The making of a political junkie

The party room was buzzing.

It must have been 1972. Election year. Alastair Gillespie was campaigning to win the riding of Etobicoke in Toronto for the second time – he’d gained it first in 1968 and again in 1974. This is the first memory that I can pinpoint in time by counting out election years:  early makings of a political junkie.

It was late at night and the party room in the basement of our apartment building was filled with the riding’s Liberal faithful, men and women who were volunteering to help Gillespie win. My mother was one of those party faithful and she’d let me come to the party. I know it was ’72 because we weren’t living in that building in 1974, and we hadn’t moved there yet in 1968.

Alastair Gillespie

This childhood memory is fairly fuzzy, as most are. Just little glimpses of moments remain in my mind – mostly grown-ups legs as I wandered around in the crowd. And the mood. I still remember the buzz, the adrenalin filling the room. At an early age I knew elections and politics were exciting.

The man who wanted to remain prime minister, Liberal Pierre Elliot Trudeau, was out on the hustings. In our riding that meant at a local high school. My mother took me to that, too. The floor was crowded with row upon row of plywood chairs. I remember standing on one so I could see Trudeau and hear what he said. I don’t remember detail, but I remember being fascinated by the way he spoke.

Pierre Trudeau

As I stood on the chair, the women around me beamed – “She’ll be prime minister one day,” they laughed at my interest. This was 1972, remember – not many women did politics then. It wasn’t the beginning of a career as a politician – but I went on to do my degree in political science and, as a journalist, work on many, many elections and referendums.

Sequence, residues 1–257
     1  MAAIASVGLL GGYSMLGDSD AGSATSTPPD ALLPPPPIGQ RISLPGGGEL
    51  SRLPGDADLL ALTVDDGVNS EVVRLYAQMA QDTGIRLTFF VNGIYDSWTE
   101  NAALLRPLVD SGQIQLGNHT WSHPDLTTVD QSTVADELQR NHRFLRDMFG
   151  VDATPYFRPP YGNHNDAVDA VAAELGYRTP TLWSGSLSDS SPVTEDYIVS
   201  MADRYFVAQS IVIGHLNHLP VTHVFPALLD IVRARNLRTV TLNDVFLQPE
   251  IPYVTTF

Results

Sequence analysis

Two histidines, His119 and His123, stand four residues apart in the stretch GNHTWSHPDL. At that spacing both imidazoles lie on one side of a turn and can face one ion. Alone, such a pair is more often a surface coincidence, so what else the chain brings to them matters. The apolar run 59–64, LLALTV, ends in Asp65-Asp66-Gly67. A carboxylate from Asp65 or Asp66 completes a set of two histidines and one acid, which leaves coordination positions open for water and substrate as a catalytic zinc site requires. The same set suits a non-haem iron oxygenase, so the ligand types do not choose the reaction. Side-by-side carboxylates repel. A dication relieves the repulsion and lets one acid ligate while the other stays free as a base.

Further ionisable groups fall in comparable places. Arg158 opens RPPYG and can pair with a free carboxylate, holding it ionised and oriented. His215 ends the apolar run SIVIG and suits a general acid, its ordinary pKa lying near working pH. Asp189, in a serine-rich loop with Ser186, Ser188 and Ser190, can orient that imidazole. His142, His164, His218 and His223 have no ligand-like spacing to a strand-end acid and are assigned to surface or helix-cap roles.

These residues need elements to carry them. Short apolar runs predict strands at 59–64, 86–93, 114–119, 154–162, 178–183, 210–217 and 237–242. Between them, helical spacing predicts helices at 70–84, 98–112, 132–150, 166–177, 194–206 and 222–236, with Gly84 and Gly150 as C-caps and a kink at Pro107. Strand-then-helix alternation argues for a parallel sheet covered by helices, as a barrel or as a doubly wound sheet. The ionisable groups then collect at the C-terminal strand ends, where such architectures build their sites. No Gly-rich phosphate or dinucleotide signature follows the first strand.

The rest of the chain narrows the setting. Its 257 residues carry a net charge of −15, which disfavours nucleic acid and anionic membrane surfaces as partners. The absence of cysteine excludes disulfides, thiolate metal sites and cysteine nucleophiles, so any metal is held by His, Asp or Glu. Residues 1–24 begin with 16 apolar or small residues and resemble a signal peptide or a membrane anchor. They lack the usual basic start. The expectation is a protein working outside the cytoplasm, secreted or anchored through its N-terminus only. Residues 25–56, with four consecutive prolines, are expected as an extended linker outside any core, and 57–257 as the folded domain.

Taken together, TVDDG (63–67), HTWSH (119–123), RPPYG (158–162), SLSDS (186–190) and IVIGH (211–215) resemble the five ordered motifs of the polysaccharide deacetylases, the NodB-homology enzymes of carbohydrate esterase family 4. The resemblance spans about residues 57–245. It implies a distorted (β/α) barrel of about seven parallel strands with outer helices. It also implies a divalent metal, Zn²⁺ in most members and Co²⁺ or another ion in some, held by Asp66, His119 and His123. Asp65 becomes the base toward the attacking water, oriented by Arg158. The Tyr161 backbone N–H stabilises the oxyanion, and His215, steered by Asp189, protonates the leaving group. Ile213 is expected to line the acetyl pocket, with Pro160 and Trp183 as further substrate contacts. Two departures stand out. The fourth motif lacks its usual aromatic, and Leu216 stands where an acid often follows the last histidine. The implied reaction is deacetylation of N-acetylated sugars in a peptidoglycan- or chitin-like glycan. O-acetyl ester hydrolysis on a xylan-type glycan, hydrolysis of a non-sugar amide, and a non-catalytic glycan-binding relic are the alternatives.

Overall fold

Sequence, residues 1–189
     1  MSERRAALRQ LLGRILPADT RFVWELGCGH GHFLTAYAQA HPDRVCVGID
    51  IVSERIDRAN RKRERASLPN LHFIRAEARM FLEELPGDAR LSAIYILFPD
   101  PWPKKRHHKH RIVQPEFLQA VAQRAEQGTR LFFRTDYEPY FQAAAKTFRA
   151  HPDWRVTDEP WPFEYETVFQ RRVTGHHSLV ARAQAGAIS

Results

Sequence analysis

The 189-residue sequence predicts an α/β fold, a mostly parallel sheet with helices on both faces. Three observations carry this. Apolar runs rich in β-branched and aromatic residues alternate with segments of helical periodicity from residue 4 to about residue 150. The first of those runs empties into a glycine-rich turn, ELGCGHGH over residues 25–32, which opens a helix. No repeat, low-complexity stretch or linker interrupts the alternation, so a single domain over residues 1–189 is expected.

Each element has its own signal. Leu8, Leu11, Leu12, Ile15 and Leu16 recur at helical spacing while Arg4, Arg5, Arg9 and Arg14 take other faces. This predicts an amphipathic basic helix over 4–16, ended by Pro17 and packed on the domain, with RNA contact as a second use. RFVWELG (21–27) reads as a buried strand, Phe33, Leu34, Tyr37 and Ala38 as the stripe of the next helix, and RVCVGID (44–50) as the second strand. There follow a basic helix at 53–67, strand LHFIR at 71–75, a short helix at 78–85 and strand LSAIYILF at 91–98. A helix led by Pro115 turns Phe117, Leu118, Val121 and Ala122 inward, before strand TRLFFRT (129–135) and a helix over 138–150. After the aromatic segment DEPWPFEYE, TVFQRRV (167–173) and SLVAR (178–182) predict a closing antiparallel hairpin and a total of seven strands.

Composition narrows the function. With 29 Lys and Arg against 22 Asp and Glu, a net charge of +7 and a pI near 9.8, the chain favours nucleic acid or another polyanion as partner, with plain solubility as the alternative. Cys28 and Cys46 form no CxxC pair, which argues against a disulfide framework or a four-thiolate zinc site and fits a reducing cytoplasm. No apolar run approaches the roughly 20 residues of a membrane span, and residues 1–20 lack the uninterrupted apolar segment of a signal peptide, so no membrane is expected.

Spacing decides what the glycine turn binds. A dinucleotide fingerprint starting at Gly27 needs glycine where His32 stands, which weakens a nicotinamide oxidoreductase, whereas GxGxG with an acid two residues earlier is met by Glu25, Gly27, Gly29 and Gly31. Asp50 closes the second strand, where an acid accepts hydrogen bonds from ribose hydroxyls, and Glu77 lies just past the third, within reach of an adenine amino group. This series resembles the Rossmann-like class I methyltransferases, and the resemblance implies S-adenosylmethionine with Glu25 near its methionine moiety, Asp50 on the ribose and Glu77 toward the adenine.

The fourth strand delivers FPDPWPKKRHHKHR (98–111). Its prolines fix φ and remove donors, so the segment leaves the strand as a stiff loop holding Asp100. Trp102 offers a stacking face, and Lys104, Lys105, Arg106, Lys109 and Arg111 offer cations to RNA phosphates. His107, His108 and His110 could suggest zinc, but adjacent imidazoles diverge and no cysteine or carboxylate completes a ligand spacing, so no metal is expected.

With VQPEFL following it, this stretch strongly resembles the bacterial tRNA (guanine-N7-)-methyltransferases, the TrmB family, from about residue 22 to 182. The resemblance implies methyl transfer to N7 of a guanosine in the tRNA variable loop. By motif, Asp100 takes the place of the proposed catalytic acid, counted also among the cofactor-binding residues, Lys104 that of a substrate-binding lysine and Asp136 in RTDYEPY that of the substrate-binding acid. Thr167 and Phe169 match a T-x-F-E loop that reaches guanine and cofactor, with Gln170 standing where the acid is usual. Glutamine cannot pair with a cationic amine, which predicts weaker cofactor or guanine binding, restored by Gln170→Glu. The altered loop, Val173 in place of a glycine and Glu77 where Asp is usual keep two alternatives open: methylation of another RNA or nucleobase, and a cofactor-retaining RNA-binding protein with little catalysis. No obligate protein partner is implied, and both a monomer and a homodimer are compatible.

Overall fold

And, oh, the adrenalin of those nights was just as exciting as it was when I was a young kid.

Recently at the local church MP Peggy Nash made an appearance. She asked some of the children in the crowd – my daughter included – whether they knew what government was. My daughter put up her hand.

“The government makes the laws and the rules for people to live by,” she said (or something to that effect).

Everybody laughed. “Maybe she’ll be prime minister one day,” Nash said.

Peggy Nash

And tonight, here’s my daughter. Watching the U.S. presidential election on television. Cringing when the results aren’t going the way of her candidate. My chest fills with pride.

Long may she stay engaged and interested.



  1. Your daughter watching the presidential election? Priceless. I remember a very similar experience to yours with Trudeau. I wasn’t a fan…or at least, I didn’t think I was, until he entered the room. You could literally feel the electricity in the air.

    1. You really could feel the electricity with him. I also remember going up to him afterward and shaking his hand … he had that rose in his lapel ….

    2. Also, tried commenting on your post by going through Facebook today … and it didn’t work! I’ll keep trying to find alternate ways – trying search engine next.

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